Winter recovery tracks being stored on top of the Revel motorhome

Gear for Cold-Weather RVing
10 RV additions this adventurous van life couple made to their Revel!
By: Kelly Laustsen and David Somach

Recovery tracks and shovel on rack on top of Winnebago Revel.

Editor’s note: Winnebago recommends following the winter use guidelines and winterization procedures outlined in your owner’s manual whenever camping in freezing conditions.

Last fall, when people heard our van trip would span 15 months, they would often ask where in the south we were headed for winter. We happily replied that we’d be wintering in the Rockies looking to experience as much snow as possible. We love skiing, snowshoeing, and snowstorms - and require a vehicle that can not only get us to the fresh powder, but keep us comfortable after a long day outside.

Making winter adventures more accessible was a huge reason we picked the Revel. We’ve always eyed RVs in the parking lot of our local ski resort and thought how amazing it would be to sleep slope side so easily. Just a few weeks into winter mode, we are adjusting to winter life in our Revel. There are more things to think about and plan for in the winter, but comfortable cold-weather RVing is achievable.

We’ve compiled a list of ten things any cold-weather RVer should consider for safety and comfort.

Our Favorite Gear for Cold-Weather RVing

1. Dedicated snow tires.

Snow tire.

The upgraded tires on the Revel work well in snow, but we opted to get a dedicated set of winter tires to lend even more traction on snowy, icy roads. We also carry a set of chains, just in case extreme conditions should require them. A solid set of snow tires makes us feel much more comfortable in winter conditions, especially on steep mountain roads. 

2. Expedition front bumper with added lights and winch.

Front end of Winnebago Revel with snow tires and front bumper with added lights and winch.

We were most interested in an expedition bumper to protect our van in the unfortunate event of an animal encounter, given all the time we spend in wilderness areas. However, the extra lights and winch are handy as well. We have a light bar, off-road lights, and yellow fog lights which help us find our way to forested camping spots at night and spot wildlife on the road. The winch gives us peace of mind that if we truly get stuck, we have a way out.  

3. Roof-mounted recovery tracks and shovel.

Recovery tracks and shovel on rack on top of Winnebago Revel.

The recovery tracks and shovel have proved invaluable in getting out of deep snow. While the 4x4 system in the Sprinter does well in most conditions, we’ve needed the recovery tracks to gain traction and get us unstuck when in truly deep snow. A shovel is an absolute must in the winter for digging the van out after camping for a night or two.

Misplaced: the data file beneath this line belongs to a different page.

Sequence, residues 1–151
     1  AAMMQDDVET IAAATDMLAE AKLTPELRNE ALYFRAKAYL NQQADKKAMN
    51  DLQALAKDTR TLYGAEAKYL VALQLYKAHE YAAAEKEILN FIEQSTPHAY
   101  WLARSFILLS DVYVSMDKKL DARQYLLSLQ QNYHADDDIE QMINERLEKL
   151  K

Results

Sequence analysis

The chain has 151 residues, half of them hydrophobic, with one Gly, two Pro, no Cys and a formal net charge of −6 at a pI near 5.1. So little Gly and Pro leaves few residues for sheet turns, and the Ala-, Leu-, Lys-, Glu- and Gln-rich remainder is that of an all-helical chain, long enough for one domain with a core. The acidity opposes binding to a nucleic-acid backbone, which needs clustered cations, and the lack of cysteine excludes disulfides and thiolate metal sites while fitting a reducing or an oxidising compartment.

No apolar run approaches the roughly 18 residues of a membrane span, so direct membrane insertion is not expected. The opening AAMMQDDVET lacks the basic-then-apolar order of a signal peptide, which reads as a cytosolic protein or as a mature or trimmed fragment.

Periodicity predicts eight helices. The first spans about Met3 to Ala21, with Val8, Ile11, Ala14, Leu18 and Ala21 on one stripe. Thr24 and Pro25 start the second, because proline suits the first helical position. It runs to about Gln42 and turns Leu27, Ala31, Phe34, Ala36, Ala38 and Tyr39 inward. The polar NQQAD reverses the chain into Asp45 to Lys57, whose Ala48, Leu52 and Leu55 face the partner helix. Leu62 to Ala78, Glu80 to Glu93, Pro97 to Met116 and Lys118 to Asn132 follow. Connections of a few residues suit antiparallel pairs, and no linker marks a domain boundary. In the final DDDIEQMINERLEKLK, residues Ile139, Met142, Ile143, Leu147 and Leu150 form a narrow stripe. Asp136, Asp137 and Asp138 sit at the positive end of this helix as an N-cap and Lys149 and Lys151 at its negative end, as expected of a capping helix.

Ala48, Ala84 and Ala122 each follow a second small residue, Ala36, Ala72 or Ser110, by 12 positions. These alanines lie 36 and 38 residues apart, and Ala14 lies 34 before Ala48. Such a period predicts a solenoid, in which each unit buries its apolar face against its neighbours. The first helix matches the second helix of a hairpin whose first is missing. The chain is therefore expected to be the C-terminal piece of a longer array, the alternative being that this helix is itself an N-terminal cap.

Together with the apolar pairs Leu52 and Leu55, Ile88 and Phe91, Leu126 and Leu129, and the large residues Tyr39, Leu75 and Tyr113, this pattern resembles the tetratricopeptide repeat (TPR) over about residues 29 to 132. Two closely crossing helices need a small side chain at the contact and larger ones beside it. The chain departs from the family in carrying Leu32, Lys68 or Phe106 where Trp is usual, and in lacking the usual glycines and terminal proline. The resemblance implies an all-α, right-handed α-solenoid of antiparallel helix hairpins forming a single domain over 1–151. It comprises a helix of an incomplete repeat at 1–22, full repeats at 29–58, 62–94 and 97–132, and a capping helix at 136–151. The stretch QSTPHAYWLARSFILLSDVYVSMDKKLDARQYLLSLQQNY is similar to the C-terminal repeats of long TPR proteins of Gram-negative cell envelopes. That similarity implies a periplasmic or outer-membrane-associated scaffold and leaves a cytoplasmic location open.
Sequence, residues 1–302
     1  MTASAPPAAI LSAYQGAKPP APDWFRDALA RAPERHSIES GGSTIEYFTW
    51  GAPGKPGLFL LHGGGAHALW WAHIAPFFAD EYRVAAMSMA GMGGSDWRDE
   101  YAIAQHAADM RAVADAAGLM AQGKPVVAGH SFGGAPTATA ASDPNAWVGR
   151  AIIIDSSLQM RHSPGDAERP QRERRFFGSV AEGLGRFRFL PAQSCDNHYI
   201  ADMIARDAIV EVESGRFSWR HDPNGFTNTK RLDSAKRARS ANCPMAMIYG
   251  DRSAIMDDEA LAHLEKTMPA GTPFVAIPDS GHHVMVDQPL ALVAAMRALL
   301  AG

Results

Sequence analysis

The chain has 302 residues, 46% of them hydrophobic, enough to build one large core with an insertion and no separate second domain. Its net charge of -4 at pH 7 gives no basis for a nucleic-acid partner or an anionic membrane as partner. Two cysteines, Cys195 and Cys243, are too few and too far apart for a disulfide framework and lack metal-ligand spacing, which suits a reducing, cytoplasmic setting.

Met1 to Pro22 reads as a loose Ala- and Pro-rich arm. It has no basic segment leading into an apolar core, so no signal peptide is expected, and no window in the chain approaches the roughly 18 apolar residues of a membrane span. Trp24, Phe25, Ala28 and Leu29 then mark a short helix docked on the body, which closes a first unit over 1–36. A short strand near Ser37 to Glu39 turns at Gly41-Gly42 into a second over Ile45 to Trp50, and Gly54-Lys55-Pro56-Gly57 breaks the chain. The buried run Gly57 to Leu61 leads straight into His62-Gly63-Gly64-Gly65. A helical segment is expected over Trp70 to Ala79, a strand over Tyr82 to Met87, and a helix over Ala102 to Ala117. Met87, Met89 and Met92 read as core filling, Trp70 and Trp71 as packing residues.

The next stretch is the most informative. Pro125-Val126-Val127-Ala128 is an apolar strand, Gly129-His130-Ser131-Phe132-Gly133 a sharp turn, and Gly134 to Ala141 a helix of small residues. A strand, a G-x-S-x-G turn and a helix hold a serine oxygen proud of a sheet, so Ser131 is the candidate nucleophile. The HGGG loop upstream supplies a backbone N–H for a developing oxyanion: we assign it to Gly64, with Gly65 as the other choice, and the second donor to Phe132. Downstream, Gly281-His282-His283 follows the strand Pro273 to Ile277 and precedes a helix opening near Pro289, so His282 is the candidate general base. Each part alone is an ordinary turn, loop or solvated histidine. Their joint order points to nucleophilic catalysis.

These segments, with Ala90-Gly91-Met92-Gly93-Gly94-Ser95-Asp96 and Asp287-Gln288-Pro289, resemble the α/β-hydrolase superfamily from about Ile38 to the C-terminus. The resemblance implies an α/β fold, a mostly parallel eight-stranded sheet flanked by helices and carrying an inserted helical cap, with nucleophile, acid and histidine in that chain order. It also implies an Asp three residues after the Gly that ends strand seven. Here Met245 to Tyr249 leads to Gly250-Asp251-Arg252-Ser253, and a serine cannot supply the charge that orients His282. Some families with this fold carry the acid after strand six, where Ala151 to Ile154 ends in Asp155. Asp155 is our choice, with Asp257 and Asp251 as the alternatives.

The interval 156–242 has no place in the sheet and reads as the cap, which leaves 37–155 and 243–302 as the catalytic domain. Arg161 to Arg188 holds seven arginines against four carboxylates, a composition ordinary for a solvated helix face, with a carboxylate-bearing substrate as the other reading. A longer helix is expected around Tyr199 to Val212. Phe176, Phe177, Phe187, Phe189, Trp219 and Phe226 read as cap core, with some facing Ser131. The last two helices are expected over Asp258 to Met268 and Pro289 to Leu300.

4. Roof box for carrying skis and snowshoes.

Roof top box with skis and snowshoes in it on top of Winnebago Revel.

We find it essential to keep our wet, drippy skis outside of our living area. The ladder makes it easy to access the roof box.

5. Warmer bed setup, including a down comforter and mattress pad.

We added a down comforter and thick mattress pad to our bed for the winter, in addition to the wool blanket we used in the summer. This lets us drop the thermostat at night (to between 50-55 degrees Fahrenheit) to conserve fuel.

6. Extended snow brush.

Winnebago Revel being dug out of deep snow.

Our snow brush is not just for clearing the windshield, but also the solar panels - in order to take advantage of all the winter sun. In addition, it’s important to get all the snow off the roof to prevent it from falling off onto other vehicles while driving. 

7. Larger storage bins for ski boots and gear.

Storage bins with ski boots and other snow gear in the back of the Winnebago Revel.

For the winter, we replaced our bikes with more storage - including a large bin with a good lid for letting boots drip dry. Having a good setup for gear storage helps us keep the van clean and organized, which is critical when you spend so much time in it.

8. Butane travel stove. 

In the summer, our solar panels kept our batteries charged so we never had to think about our energy use. With less solar power in the winter, we are more mindful of energy use and have to keep a close eye on our batteries. Our butane stove provides a nice backup if we aren’t plugged in and want to preserve battery power.

9. Hooks in the bathroom.

Hooks on the wall in the bathroom with snow pants and jackets hanging from them.

The bathroom is an ideal place for drying gear, given the plastic walls and floor drain. Coats and snow pants can be dried in the bathroom using hooks on the wall.

10. WeatherTech floor mat.

Snow boots on WeatherTech floor mat in Winnebago Travato.

This is one of the most valuable buys we’ve made for the van. The raised edges on the floormat hold a surprising amount of water and keep all the winter mess contained, so our living area stays clean and dry. We only enter and exit the van from the front in the winter, keeping wet shoes and boots on the floormat.  

Man on ladder getting skis out of the storage on top of the Winnebago Revel.

Winter travel in the Revel is more accessible than many might think. Winter RVing doesn’t require that you rough it, but does require you to plan ahead and be prepared. We can’t wait to get back to the Revel to make a hot drink and meal after a day skiing or snowshoeing. There is nothing cozier than watching the snow fall while warm inside!

For some of our other favorite all-season Revel mods, check out our previous GoLife article.



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